Taking on the Race Director role for Milwaukee’s oldest marathon is no joke. But Erin Smith is up for the job.
Read on to learn more about how Erin got started in running and race directing and what to expect at this year’s Lakefront Marathon!
What’s your background as a race director and also as a runner? Are you from the Milwaukee area?
For the past three years I was the race director for the Firecracker Four or FC4 as I lovingly refer to it. I kind of took on the role by accident. I was at one of my first Badgerland Striders monthly meetings and someone asked if I wanted to help plan a race. I was new to the Striders and wanted to get more involved in the club so I said I’d help. Before I knew it, I was organizing (and successfully pulling off) one of the Striders highest attended races. FC4 has had over 1,000 registered runners for each of the three years I was director, with almost 300 of those runners registering on race day! I’m glad that Lakefront has a runner limit and sells out in advance of the race; it should make planning for race day a lot easier.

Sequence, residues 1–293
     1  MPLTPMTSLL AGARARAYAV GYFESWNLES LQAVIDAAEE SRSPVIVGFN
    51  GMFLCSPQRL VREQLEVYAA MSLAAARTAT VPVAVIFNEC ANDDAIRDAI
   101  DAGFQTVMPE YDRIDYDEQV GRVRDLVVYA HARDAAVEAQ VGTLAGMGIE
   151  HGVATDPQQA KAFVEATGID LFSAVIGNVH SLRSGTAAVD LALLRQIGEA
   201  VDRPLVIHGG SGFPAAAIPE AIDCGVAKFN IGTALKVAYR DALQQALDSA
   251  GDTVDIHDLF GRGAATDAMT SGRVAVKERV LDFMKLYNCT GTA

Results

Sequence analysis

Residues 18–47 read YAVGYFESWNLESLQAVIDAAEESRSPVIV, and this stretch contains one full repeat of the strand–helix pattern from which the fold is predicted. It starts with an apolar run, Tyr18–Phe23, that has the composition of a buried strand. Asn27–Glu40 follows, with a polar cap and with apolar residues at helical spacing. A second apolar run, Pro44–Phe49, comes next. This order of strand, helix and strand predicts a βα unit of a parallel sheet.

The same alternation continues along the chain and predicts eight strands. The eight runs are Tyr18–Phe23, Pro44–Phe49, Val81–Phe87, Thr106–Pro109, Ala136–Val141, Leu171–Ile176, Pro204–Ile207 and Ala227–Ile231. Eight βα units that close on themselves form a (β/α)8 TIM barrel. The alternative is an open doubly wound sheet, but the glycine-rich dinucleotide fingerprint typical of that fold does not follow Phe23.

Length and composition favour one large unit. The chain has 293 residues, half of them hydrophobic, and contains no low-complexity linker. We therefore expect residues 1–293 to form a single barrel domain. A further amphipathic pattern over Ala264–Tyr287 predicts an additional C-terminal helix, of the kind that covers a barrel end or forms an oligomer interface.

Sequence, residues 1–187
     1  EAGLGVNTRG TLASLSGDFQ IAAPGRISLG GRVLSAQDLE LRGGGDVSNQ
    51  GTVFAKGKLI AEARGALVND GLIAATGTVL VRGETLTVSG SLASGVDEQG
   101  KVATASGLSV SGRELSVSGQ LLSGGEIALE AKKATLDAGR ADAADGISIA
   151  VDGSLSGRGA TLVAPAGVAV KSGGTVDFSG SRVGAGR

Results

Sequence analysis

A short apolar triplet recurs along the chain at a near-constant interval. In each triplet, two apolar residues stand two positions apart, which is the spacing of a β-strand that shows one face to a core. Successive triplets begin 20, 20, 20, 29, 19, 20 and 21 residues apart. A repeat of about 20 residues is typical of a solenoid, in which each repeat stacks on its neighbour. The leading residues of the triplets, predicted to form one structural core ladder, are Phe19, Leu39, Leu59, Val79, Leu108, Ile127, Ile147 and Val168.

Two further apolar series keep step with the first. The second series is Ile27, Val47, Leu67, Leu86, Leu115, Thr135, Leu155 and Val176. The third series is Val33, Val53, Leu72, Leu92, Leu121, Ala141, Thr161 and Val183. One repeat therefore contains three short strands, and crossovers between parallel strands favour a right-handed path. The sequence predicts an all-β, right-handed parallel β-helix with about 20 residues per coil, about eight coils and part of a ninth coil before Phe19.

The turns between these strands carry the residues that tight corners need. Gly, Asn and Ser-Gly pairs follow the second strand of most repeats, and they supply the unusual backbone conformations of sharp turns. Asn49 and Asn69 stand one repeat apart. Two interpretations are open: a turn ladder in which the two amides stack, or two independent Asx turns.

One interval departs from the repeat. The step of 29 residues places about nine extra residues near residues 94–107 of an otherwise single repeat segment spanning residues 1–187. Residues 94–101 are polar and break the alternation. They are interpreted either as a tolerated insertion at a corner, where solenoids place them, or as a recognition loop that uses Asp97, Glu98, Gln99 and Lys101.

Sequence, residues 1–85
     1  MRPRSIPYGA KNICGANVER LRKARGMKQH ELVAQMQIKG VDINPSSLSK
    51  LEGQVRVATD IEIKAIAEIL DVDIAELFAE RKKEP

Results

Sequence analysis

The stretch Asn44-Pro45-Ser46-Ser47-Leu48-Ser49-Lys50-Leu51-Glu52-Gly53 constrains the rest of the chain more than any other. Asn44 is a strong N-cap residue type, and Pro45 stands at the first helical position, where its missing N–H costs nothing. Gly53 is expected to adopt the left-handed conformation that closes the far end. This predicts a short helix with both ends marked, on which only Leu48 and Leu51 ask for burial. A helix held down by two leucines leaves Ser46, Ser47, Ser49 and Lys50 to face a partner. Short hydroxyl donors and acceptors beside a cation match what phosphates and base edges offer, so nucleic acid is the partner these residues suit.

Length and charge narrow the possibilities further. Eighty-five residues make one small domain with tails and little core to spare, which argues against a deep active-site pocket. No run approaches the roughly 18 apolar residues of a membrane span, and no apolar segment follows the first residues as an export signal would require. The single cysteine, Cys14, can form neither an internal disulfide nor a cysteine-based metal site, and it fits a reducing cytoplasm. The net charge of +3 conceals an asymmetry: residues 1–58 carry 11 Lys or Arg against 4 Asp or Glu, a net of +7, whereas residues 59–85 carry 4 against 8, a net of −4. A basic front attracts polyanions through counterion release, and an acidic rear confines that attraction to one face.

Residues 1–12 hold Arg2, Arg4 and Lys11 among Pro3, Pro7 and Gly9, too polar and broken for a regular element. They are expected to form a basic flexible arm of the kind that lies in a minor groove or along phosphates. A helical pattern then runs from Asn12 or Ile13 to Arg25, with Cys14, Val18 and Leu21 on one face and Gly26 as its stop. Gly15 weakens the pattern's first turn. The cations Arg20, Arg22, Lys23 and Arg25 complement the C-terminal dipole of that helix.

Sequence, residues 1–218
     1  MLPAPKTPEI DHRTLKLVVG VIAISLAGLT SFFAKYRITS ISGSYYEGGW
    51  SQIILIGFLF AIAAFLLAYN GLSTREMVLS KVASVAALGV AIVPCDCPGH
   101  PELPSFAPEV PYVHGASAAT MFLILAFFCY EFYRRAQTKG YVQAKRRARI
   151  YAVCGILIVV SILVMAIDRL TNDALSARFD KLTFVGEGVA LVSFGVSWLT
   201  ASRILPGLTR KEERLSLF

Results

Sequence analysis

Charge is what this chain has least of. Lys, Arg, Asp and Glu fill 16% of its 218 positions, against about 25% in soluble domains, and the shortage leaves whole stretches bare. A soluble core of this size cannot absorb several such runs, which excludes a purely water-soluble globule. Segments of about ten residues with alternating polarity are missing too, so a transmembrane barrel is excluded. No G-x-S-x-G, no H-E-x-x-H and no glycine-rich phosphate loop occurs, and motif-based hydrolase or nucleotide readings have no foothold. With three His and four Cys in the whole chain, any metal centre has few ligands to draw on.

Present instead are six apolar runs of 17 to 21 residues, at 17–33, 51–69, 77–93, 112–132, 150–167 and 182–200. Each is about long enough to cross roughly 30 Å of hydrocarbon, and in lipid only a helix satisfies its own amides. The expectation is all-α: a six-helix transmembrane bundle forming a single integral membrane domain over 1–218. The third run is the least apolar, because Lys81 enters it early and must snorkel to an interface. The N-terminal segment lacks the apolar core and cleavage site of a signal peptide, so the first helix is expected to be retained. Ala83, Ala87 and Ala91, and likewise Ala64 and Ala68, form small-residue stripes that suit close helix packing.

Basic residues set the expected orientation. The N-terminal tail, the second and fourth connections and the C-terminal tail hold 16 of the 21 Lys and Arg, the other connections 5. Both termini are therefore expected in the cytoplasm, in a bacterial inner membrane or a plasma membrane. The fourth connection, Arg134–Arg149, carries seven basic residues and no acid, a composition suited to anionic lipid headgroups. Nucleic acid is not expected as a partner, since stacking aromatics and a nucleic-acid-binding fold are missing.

As for my running skills, I’m not an age group winner by any means but I love running. I ran my first 5k about 5 years ago before I was a runner. I signed up for an event with a friend who was into running. I wanted to support her, so I figured I would just walk the distance and get a shirt for doing it. Well, when the gun went off, I ran…the whole thing. When I returned back to the finish line 28 minutes later my husband looked astonished and asked me what I was doing. I guess I was running. The whole thing kind of took off from there, the distances and intensity continued to increase. I completed my first 50 miler in October 2015 and look forward to running Ice Age 50 in May. I’ve been toying with the idea of a 100K or 100 miler but we’ll have to see what happens.